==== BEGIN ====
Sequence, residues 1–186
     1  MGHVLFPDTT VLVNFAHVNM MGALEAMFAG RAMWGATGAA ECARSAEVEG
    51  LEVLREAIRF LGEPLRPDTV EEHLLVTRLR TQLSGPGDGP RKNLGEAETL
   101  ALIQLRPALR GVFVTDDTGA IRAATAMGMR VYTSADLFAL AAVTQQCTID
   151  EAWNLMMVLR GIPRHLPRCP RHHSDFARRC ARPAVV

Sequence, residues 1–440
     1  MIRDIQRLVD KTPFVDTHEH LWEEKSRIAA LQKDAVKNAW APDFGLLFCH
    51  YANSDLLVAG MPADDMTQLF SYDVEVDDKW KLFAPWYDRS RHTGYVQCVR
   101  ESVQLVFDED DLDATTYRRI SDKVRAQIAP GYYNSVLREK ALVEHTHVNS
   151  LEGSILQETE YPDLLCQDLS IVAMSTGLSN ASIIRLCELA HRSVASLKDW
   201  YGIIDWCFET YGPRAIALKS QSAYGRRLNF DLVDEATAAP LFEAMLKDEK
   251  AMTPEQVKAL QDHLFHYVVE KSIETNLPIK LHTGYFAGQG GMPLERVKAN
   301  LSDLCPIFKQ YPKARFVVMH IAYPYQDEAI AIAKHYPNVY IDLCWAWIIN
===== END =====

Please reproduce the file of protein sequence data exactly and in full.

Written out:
Sequence, residues 1–186
     1  MGHVLFPDTT VLVNFAHVNM MGALEAMFAG RAMWGATGAA ECARSAEVEG
    51  LEVLREAIRF LGEPLRPDTV EEHLLVTRLR TQLSGPGDGP RKNLGEAETL
   101  ALIQLRPALR GVFVTDDTGA IRAATAMGMR VYTSADLFAL AAVTQQCTID
   151  EAWNLMMVLR GIPRHLPRCP RHHSDFARRC ARPAVV

Sequence, residues 1–440
     1  MIRDIQRLVD KTPFVDTHEH LWEEKSRIAA LQKDAVKNAW APDFGLLFCH
    51  YANSDLLVAG MPADDMTQLF SYDVEVDDKW KLFAPWYDRS RHTGYVQCVR
   101  ESVQLVFDED DLDATTYRRI SDKVRAQIAP GYYNSVLREK ALVEHTHVNS
   151  LEGSILQETE YPDLLCQDLS IVAMSTGLSN ASIIRLCELA HRSVASLKDW
   201  YGIIDWCFET YGPRAIALKS QSAYGRRLNF DLVDEATAAP LFEAMLKDEK
   251  AMTPEQVKAL QDHLFHYVVE KSIETNLPIK LHTGYFAGQG GMPLERVKAN
   301  LSDLCPIFKQ YPKARFVVMH IAYPYQDEAI AIAKHYPNVY IDLCWAWIIN